Avolio, Lindsay

School of Public Health - Environmental Health and Engineering

PhD

Bangladesh

Arsenic and immune response to vaccination and infection during pregnancy and early life

There is a fundamental gap in understanding whether arsenic, a known developmental toxicant, alters maternal immune responses to vaccination and whether exposure to arsenic during pregnancy impairs the transfer of maternal vaccine-induced antibody to the newborn. Moreover, factors known to affect arsenic metabolism and toxicity outcomes, particularly micronutrients critical in one-carbon metabolism, have not been evaluated in studies of arsenic immunotoxicity and vaccine-induced protection in mothers and their newborns. Continued existence of this gap represents an important problem because, until it is filled, optimal points for intervention to prevent arsenic-related immunotoxicity and morbidity during pregnancy and early life will not be known. It is estimated that 200,000 million people worldwide are exposed to toxic levels of arsenic, approximately 45 million people in Bangladesh alone. Our objective is to investigate how maternal arsenic exposure and one-carbon metabolism micronutrient deficiencies alter maternal and newborn influenza antibody titer and avidity, respiratory morbidity, and measures of systemic immune function following vaccination of pregnant women with an inactivated influenza vaccine.

The Pregnancy Arsenic Immune Response (PAIR) study is a 5 year NIH-funded study, that will enroll, vaccinate, and follow a birth-cohort of ~800 pregnant women and newborns. This study is in collaboration with the JiVitA Project in Gaibandha, Bangladesh, one of the largest population health and nutrition intervention research projects in South Asia, and the Institute of Epidemiology, Disease Control and Research in Dhaka, Bangladesh. The purpose of conducting this research is to develop interventions to address environmental arsenic exposure and micronutrient deficiencies and their health consequences in mothers, infants, and children.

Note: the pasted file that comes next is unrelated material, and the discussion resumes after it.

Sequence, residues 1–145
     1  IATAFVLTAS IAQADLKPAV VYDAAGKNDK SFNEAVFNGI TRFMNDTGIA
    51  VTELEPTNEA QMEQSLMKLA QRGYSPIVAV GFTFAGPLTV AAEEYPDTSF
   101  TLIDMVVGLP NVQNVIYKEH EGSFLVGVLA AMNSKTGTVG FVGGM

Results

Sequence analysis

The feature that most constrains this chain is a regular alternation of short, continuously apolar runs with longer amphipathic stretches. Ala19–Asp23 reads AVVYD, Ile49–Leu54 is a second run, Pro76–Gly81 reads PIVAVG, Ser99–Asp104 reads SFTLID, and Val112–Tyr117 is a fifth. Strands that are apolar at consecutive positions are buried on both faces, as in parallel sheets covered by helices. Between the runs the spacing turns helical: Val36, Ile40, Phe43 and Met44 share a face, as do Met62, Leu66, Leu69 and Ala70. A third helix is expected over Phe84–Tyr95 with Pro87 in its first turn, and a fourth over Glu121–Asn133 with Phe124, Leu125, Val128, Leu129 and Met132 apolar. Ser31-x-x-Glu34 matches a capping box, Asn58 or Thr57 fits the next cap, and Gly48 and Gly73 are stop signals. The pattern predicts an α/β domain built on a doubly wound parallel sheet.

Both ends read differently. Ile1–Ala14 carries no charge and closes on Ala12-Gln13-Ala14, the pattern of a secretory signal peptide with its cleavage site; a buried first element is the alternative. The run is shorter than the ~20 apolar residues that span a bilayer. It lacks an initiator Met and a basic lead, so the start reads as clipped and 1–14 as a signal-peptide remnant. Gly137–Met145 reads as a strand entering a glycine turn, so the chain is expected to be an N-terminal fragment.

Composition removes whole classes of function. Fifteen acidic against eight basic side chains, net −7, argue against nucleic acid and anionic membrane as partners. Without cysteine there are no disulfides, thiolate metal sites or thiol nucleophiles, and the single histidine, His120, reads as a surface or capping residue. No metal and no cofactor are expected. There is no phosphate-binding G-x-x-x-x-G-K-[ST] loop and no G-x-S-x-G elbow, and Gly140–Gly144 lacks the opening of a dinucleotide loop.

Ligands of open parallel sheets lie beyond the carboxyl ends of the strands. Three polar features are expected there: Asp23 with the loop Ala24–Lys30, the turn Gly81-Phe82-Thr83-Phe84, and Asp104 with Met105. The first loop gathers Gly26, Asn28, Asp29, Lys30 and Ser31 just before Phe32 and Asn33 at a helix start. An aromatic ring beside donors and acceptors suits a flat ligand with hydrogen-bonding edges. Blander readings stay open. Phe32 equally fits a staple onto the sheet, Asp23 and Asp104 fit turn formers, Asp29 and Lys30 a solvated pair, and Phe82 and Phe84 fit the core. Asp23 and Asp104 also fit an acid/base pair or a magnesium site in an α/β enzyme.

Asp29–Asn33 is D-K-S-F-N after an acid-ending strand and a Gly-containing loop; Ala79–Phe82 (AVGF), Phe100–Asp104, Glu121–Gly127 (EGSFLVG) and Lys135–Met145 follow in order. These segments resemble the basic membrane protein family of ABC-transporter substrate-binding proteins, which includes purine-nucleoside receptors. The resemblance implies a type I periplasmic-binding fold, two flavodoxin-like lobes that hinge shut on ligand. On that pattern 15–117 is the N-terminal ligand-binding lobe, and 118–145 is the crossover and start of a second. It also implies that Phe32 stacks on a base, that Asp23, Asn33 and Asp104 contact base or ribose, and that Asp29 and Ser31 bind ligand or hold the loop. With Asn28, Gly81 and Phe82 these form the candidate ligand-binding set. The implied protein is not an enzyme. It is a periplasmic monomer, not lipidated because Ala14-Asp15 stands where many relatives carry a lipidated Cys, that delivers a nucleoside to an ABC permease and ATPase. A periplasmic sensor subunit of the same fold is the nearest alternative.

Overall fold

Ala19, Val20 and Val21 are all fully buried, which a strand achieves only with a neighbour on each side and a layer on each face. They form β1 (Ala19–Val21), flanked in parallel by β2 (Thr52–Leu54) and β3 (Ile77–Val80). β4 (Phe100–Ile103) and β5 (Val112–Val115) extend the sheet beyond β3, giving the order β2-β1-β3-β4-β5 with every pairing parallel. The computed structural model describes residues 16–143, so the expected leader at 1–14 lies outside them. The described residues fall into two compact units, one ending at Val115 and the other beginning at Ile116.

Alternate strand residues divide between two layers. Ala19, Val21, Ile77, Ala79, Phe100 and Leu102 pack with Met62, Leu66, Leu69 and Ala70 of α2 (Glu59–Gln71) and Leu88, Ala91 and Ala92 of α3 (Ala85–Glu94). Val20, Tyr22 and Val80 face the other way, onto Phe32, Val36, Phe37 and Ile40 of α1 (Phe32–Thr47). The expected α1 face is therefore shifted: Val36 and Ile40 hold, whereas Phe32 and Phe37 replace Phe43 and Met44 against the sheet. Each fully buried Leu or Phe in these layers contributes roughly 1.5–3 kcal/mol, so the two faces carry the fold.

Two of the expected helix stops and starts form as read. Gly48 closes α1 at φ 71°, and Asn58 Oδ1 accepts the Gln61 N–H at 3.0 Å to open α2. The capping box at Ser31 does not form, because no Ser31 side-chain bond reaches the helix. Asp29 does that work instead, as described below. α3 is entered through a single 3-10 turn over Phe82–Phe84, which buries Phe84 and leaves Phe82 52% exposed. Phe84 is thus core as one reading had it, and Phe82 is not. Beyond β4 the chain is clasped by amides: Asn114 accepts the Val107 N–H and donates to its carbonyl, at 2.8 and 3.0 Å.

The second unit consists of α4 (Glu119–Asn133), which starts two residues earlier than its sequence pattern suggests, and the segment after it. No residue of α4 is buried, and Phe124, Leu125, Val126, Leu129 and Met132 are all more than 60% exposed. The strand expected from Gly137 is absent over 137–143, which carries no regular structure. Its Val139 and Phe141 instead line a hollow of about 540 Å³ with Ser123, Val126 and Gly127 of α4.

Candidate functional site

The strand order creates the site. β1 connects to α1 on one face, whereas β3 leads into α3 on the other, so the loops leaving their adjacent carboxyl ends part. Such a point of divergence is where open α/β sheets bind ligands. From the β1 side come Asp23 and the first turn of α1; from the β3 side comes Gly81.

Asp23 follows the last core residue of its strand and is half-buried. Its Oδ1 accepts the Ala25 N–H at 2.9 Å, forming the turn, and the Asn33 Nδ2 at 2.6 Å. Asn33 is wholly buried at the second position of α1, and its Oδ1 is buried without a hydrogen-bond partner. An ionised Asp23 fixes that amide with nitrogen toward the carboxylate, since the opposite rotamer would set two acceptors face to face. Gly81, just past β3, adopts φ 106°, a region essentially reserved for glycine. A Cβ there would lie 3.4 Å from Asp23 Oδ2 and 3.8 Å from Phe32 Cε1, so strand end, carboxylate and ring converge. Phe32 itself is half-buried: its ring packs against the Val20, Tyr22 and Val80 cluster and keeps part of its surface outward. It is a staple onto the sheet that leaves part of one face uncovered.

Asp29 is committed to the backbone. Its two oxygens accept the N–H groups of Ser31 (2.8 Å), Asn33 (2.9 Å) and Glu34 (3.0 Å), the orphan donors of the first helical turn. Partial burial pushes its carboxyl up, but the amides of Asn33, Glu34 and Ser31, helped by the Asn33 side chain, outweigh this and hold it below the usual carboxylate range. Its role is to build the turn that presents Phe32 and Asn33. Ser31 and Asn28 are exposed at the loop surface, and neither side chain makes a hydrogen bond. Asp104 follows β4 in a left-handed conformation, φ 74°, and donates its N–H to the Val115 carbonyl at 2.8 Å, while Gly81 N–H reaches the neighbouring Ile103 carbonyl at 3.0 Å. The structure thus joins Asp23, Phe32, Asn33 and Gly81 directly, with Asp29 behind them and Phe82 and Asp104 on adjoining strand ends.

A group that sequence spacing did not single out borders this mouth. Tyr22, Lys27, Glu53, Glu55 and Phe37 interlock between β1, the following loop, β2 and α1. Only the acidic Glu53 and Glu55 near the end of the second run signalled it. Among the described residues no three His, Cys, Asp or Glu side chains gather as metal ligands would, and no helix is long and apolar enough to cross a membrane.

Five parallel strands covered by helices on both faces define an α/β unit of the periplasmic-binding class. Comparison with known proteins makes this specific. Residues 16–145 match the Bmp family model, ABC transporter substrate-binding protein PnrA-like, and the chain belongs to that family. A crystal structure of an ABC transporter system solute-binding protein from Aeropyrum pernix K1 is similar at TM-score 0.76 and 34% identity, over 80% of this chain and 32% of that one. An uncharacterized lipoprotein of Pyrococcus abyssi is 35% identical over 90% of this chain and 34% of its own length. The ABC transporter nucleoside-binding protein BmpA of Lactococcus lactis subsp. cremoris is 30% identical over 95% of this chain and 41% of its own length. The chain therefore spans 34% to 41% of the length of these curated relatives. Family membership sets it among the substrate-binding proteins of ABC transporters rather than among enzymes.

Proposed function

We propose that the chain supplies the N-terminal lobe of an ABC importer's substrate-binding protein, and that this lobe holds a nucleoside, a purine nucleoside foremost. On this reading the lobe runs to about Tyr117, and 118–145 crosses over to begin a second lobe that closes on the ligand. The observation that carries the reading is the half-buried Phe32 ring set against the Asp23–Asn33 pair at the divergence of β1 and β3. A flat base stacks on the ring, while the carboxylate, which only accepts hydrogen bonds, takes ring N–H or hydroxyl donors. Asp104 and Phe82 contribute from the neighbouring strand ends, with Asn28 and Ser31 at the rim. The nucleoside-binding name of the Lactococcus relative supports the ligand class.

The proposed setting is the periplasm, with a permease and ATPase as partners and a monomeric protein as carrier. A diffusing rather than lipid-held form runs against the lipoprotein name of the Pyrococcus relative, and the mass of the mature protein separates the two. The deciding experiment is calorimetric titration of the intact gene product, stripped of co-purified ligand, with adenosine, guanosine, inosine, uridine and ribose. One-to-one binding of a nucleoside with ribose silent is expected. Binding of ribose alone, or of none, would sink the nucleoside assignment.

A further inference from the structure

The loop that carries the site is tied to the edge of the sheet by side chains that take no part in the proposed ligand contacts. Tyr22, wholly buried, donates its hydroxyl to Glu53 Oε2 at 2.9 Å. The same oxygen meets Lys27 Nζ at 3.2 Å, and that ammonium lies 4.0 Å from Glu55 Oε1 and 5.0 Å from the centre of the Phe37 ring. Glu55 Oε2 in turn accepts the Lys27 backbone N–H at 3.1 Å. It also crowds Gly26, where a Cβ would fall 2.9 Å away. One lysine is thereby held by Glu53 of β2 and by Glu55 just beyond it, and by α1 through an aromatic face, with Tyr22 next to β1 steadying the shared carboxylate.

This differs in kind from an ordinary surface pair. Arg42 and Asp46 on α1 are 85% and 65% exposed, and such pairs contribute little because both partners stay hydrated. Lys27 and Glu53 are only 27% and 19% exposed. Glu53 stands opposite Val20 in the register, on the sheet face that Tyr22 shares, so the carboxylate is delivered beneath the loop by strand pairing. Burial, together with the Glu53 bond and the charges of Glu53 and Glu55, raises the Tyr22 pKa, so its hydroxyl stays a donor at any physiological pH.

PI Mentor: Christopher Heaney

People

Yukari C. Manabe, MD

Associate Director of Global Health Research and Innovation

Robert Bollinger Jr., MD MPH

Director, Johns Hopkins Center for Clinical Global Health Education (CCGHE); Associate Director, Johns Hopkins Center for Global...

Noreen Hynes, MD MPH

Director, Geographic Medicine Center of the Division of Infectious Diseases

Caitlin Kennedy, PhD MPH,BA

Co-Director, MPH concentration in Social and Behavioral Sciences in Public Health; Associate Director, Center for Qualitative...

Joanne Katz, ScD MS,BSc

Associate Chair, Director of Academic Programs

Stefan Baral, MD MPH,MBA,MSc

Director, Key Populations Program
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November 2019

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